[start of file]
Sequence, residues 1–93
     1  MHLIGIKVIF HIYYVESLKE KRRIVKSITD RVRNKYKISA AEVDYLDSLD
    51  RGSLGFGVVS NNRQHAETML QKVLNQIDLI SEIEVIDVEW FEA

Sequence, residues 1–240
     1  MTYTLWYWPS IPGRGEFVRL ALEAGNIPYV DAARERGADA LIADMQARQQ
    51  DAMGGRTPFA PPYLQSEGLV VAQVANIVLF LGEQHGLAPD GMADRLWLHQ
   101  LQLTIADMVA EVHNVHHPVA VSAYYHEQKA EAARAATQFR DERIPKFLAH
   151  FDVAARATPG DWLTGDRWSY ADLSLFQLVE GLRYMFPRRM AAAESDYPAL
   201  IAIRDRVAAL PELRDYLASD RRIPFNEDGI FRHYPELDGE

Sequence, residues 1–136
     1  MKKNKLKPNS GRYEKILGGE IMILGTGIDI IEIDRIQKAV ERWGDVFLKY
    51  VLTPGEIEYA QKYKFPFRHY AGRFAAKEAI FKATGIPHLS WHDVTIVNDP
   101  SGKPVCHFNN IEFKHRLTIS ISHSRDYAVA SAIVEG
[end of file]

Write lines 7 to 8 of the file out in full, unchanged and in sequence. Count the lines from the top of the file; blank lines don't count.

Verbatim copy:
   101  LQLTIADMVA EVHNVHHPVA VSAYYHEQKA EAARAATQFR DERIPKFLAH
   151  FDVAARATPG DWLTGDRWSY ADLSLFQLVE GLRYMFPRRM AAAESDYPAL